Indiana is the latest state to introduce legislation to grant full practice authority to 9500 advanced practice registered nurses (APRNs) as an answer to its health care crisis. The Hoosiers for Health Care Access, a statewide coalition dedicated to expanding patient access to APRNs in Indiana, and other organizations joined state legislators at the Indiana Statehouse to call for immediate action to address the high rates of people in Indiana living in health care deserts.

SB 213 and HB 1330 are “no-cost, no-delay” solutions to increase access to health care for Indiana’s patients, according to the coalition. Both bills would remove a provision requiring an APRN to operate under a collaborative practice agreement with a physician or the privileges granted by a hospital governing board. The bills also would repeal laws concerning the audit of practice agreements and allow APRNs with prescriptive authority to prescribe a schedule II controlled substance for weight reduction or to control obesity.

Health Care Deserts Are Widespread in Indiana

More than 2.4 million people in Indiana lack access to basic primary health care services, with an increase of 300,000 patients in the past 2 years, according to the coalition. Also, 6.6 million people in the state lack access to mental health services. The federal government has designated 138 primary care shortage areas and 33 counties lack maternal health care providers. Indiana ranked low in multiple measures on America’s Health Rankings annual report released in December 2022 by the United Health Foundation.

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Health Care Rankings in Indiana

MeasureState Rank
Overall rank35
Clinical care (access to care, preventive clinical services, quality of care)37
Access to primary care providers33
Access to mental health providers43
Source: America’s Health Rankings analysis of America’s Health Rankings composite measure. United Health Foundation. December 2022. Accessed February 1, 2023.

Under current Indiana state law, APRNs are unable to practice without collaborative practice agreements and must submit a subset of their patient charts to a physician for review for quality assurance. Often, the physician will charge a fee as a condition for signing the collaborative practice agreement. “These fees can run thousands of dollars per month and do not result in actual collaboration on patient care between the contracted physicians and APRNs,” according to the Hoosiers for Health Care Access.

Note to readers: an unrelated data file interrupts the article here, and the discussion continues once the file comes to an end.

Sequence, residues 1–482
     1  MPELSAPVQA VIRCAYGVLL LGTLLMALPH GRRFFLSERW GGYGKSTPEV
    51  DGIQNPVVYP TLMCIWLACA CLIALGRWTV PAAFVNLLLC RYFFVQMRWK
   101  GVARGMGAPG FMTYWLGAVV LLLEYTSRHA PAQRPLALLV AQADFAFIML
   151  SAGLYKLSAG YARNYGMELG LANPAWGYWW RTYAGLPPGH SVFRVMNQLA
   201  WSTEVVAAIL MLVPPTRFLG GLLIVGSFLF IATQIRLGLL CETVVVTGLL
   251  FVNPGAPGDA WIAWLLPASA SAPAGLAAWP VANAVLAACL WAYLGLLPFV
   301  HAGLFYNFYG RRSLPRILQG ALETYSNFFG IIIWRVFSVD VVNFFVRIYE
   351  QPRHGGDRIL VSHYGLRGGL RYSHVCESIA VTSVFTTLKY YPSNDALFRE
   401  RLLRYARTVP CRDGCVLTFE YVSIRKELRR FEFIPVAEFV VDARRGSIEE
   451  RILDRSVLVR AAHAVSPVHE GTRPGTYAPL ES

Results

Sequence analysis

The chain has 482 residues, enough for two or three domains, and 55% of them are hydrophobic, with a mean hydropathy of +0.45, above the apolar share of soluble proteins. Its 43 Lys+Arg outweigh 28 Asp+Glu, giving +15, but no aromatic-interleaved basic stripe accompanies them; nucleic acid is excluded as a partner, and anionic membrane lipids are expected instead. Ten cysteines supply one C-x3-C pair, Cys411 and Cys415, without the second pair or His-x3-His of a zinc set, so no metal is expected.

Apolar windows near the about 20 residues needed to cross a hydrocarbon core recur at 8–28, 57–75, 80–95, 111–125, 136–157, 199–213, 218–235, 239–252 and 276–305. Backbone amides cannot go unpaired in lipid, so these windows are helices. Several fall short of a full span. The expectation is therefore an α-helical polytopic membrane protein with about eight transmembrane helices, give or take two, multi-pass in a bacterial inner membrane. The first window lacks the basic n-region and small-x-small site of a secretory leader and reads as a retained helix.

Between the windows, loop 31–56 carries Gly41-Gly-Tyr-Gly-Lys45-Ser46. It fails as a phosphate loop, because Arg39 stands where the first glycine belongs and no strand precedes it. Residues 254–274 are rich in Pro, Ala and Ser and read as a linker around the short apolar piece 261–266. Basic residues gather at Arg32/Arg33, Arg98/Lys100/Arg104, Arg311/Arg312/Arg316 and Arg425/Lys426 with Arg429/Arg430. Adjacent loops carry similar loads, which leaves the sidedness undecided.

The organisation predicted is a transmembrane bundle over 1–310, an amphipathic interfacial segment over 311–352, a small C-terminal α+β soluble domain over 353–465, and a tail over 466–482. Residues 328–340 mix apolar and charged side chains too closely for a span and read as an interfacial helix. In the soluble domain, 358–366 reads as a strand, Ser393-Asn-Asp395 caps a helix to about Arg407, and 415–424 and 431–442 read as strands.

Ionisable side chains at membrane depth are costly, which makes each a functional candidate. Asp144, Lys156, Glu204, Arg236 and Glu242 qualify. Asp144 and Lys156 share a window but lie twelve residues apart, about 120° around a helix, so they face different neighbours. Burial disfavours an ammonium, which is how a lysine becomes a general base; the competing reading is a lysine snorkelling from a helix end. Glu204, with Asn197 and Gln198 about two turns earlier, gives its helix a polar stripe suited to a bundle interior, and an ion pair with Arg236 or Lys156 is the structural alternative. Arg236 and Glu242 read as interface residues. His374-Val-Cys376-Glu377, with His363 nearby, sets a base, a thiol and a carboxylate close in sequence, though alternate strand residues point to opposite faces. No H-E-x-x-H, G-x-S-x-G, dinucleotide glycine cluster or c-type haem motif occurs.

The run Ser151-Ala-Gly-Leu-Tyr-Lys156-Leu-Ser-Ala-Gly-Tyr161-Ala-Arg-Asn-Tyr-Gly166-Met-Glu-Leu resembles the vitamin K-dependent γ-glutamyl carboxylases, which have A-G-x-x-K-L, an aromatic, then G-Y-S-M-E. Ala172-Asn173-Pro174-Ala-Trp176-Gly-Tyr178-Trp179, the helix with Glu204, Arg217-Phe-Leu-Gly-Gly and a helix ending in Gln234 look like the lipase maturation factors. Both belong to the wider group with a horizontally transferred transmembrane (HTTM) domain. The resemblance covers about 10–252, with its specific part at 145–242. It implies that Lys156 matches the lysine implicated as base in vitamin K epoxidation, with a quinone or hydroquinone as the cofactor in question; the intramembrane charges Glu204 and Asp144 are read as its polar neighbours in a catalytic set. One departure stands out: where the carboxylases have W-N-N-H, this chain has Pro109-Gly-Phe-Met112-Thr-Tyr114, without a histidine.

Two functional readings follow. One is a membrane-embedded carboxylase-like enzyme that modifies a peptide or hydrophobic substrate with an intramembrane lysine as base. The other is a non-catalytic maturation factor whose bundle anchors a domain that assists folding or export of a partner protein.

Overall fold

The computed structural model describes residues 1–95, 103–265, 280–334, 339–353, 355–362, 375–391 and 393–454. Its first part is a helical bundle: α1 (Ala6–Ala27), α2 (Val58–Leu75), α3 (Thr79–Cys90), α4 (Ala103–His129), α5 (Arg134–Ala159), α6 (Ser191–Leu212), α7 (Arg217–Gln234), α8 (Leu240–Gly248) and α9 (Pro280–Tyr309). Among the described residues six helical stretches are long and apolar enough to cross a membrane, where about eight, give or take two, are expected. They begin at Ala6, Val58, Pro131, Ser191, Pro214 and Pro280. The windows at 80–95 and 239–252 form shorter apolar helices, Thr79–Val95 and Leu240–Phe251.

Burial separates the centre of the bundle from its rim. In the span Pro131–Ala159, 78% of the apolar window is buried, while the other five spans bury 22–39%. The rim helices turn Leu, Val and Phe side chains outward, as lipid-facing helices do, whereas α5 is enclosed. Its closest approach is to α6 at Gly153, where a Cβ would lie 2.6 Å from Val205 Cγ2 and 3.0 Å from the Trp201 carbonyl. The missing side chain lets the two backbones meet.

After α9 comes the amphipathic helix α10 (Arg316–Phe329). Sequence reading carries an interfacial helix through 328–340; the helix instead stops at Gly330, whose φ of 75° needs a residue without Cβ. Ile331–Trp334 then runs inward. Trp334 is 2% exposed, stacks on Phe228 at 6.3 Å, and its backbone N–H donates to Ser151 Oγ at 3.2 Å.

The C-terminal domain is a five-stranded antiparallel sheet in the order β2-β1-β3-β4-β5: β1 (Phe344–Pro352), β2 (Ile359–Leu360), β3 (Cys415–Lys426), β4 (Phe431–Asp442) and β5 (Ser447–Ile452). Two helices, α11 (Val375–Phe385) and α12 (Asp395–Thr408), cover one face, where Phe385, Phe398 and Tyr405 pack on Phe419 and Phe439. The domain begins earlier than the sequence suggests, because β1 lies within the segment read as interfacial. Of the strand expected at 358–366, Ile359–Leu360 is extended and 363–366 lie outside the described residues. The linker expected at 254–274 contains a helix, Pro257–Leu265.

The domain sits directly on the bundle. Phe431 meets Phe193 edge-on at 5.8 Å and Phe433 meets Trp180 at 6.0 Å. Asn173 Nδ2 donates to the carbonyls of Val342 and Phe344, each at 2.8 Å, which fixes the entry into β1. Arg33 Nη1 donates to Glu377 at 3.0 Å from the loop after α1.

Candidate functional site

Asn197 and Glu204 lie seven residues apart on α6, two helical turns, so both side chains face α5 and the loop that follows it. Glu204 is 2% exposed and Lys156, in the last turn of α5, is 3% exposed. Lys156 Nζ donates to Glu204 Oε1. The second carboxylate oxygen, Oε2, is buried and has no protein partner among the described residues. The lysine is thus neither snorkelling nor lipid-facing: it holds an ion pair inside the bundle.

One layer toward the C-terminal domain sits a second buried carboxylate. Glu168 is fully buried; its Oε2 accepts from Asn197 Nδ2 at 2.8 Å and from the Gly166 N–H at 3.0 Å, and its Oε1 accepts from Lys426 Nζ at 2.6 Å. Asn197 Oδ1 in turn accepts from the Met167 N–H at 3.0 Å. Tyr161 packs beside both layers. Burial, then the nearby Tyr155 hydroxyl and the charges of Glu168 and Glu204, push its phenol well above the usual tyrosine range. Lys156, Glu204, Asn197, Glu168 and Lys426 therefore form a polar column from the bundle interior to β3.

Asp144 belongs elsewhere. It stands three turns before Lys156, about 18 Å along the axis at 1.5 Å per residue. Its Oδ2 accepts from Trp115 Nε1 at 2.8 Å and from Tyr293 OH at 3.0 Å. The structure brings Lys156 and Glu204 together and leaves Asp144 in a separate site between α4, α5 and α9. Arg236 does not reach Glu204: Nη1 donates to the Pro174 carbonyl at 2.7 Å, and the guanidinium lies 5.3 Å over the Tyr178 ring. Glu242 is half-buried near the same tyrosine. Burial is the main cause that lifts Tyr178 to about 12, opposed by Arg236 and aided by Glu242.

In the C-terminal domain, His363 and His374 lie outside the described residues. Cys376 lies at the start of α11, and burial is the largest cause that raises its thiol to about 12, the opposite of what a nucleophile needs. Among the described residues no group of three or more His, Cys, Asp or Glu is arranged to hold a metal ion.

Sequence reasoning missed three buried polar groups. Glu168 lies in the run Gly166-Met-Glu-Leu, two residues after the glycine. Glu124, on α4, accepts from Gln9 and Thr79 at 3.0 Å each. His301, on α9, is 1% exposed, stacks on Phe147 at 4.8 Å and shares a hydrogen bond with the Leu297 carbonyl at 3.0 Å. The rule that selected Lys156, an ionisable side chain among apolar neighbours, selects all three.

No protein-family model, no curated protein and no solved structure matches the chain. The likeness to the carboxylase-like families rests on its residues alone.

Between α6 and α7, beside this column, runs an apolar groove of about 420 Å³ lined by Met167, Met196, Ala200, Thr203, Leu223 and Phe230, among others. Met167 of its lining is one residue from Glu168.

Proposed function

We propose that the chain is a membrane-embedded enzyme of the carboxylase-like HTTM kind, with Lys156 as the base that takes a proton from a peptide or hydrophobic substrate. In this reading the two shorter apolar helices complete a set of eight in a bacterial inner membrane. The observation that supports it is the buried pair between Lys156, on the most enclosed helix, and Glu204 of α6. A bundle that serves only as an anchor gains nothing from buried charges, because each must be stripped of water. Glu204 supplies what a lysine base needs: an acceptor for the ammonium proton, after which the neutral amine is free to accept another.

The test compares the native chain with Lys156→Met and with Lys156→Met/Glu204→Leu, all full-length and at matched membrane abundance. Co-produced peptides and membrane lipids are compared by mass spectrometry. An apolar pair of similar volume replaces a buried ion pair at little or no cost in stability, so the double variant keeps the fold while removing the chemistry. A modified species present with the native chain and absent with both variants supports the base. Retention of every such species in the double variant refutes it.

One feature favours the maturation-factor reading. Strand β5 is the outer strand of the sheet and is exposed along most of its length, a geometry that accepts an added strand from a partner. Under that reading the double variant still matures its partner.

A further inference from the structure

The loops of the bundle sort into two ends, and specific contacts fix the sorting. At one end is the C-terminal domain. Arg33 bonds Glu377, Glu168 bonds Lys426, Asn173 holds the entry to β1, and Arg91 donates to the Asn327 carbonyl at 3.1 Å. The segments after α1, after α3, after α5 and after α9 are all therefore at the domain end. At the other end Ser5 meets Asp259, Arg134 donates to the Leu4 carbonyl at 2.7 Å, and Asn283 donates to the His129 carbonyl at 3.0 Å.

AARP Indiana State President Linda Dunno speaking at the press conference. Credit: Hoosiers for Health Care Access

One in 3 Indiana residents — or 2.4 million residents — are age 50 years or older, explained AARP Indiana State President Linda Dunno. “We urge the house and senate to cut the red tape that is limiting access to care and to allow older Hoosiers to choose APRNs as their health care provider.”

“By breaking down these outdated barriers, APRNs can help provide quality care to patients throughout the state—from small towns to urban hubs,” said AARP Indiana Legislative Director Ambre Marr at a press conference held at the Indiana capital on January 31, 2023. “Hoosiers deserve the opportunity to have more choices that will allow them to stay in their homes and communities for as long as possible, where they want to be.”


Rep Cindy Ledbetter, civic leaders host press conference calling for urgent legislative action on Indiana’s Health Care Access Crisis. News release. Hoosiers for Health Care Access; January 31, 2023. Accessed January 31, 2023.

Hoosiers for health care access applauds legislation expanding health access, choice. News release. Hoosiers for Health Care Access; January 26, 2023. Accessed January 31, 2023.